by the We Can Do This COVID-19 Public Education Campaign
(NAPSI)—Questions and misinformation about the effect of COVID-19 vaccines on fertility and pregnancy have left some people uncertain about getting vaccinated if they are pregnant or hoping to get pregnant, but the facts should be reassuring.
“It’s understandable that parents and those who hope to become parents are cautious about COVID-19 vaccines,” said Dr. Scott Stienecker, Medical Director for Infection Prevention, Epidemiology and Stewardship in Fort Wayne, Indiana. “However, it should be comforting to know that the vaccines are safe and effective during pregnancy. Growing data and science demonstrate that the benefits of getting vaccinated far outweigh any risks, and we have a long history with vaccines that makes it clear they do not affect future fertility.”
Here are key facts about fertility, pregnancy, and the COVID vaccines:
Getting vaccinated protects you during and after pregnancy. COVID-19 can be especially dangerous for people who are pregnant or have recently been pregnant as cases during pregnancy are more likely to be severe. COVID is dangerous for the unborn child too. A recent study found COVID infections are associated with an increased risk of stillbirth. Safety monitoring systems and studies have shown that the COVID vaccines are safe for people who are pregnant, and vaccination reduces the risk of severe illness, hospitalization, and death. Growing data continues to reinforce that the risks from getting COVID-19 at any stage of pregnancy are far worse than potential side effects from vaccines.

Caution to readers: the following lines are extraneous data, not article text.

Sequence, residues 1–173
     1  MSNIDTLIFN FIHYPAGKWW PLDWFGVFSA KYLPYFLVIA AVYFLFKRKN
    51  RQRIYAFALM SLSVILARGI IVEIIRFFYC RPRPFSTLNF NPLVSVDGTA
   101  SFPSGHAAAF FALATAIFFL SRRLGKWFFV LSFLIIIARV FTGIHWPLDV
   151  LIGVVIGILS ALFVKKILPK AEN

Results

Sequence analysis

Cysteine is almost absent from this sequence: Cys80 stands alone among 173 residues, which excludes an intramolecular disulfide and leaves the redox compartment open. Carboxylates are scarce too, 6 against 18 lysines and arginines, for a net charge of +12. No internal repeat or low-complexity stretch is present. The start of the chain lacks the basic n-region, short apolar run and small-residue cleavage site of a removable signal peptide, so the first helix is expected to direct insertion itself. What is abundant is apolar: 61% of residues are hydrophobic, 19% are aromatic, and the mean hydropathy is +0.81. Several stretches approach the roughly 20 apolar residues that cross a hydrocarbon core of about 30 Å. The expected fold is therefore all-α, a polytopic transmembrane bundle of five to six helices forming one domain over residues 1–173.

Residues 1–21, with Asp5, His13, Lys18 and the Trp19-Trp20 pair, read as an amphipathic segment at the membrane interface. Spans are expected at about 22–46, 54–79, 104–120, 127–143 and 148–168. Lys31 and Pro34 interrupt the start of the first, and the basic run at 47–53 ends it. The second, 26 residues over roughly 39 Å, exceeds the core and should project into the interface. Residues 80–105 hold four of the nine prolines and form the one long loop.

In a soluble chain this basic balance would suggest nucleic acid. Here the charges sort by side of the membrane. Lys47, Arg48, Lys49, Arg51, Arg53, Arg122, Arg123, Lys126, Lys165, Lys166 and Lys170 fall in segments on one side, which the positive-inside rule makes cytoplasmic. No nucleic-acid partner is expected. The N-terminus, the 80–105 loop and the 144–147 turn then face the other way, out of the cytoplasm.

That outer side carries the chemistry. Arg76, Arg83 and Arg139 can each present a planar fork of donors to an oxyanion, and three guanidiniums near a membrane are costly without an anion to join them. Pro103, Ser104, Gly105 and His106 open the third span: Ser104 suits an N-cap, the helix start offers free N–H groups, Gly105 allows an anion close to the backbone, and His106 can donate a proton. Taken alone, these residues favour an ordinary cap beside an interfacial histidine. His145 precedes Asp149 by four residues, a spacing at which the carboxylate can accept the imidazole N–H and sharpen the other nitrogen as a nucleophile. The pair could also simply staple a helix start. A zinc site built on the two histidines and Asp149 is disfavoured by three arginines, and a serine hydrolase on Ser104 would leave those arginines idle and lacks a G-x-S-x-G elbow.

Getting vaccinated protects your unborn or nursing child. Data from safety monitoring systems continues to show vaccines are safe for pregnant people and their babies and getting vaccinated is much safer than contracting COVID. If you’re breastfeeding, getting vaccinated could even help protect your baby, as recent reports have shown that some breastfeeding parents have antibodies in their breast milk after they’ve been vaccinated.
COVID vaccines will not interfere with getting pregnant. No evidence exists of COVID vaccines causing problems with fertility. In a recent study, people who had gotten the COVID vaccine had the same pregnancy success rate as people who had not been vaccinated. Vaccines are carefully studied and monitored, and it is clear they are safe for people who are pregnant or who want to become pregnant. If you are trying to become pregnant, you do not need to avoid pregnancy after receiving a COVID vaccine. If you get pregnant after your first shot, you should get the second shot and a booster on schedule for the most protection possible.
Knowing the facts about COVID vaccines can provide confidence and comfort. Anyone with concerns should ask questions of a trusted health professional, such as a family physician, pharmacist, or nurse. The benefits of vaccination far outweigh potential risks. Vaccines are the best way of getting this pandemic under control.
For more information and to find a vaccine, visit www.vaccines.gov.